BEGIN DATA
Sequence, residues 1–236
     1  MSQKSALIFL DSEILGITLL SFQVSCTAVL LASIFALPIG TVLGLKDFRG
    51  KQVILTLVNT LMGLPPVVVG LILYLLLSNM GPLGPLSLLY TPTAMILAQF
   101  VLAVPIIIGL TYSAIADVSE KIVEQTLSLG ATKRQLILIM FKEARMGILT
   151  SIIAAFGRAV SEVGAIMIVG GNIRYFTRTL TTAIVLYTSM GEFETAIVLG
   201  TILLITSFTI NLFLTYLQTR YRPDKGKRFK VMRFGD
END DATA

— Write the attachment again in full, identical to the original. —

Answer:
Sequence, residues 1–236
     1  MSQKSALIFL DSEILGITLL SFQVSCTAVL LASIFALPIG TVLGLKDFRG
    51  KQVILTLVNT LMGLPPVVVG LILYLLLSNM GPLGPLSLLY TPTAMILAQF
   101  VLAVPIIIGL TYSAIADVSE KIVEQTLSLG ATKRQLILIM FKEARMGILT
   151  SIIAAFGRAV SEVGAIMIVG GNIRYFTRTL TTAIVLYTSM GEFETAIVLG
   201  TILLITSFTI NLFLTYLQTR YRPDKGKRFK VMRFGD